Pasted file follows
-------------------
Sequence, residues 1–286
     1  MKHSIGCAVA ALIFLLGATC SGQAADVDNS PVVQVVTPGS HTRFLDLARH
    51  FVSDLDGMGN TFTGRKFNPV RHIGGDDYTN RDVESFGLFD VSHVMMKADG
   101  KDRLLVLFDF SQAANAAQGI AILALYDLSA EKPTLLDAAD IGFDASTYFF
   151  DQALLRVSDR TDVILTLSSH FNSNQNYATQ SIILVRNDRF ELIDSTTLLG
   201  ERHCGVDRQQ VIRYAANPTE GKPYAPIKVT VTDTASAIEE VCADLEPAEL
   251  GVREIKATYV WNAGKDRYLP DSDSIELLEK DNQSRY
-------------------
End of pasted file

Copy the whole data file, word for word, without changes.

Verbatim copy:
Sequence, residues 1–286
     1  MKHSIGCAVA ALIFLLGATC SGQAADVDNS PVVQVVTPGS HTRFLDLARH
    51  FVSDLDGMGN TFTGRKFNPV RHIGGDDYTN RDVESFGLFD VSHVMMKADG
   101  KDRLLVLFDF SQAANAAQGI AILALYDLSA EKPTLLDAAD IGFDASTYFF
   151  DQALLRVSDR TDVILTLSSH FNSNQNYATQ SIILVRNDRF ELIDSTTLLG
   201  ERHCGVDRQQ VIRYAANPTE GKPYAPIKVT VTDTASAIEE VCADLEPAEL
   251  GVREIKATYV WNAGKDRYLP DSDSIELLEK DNQSRY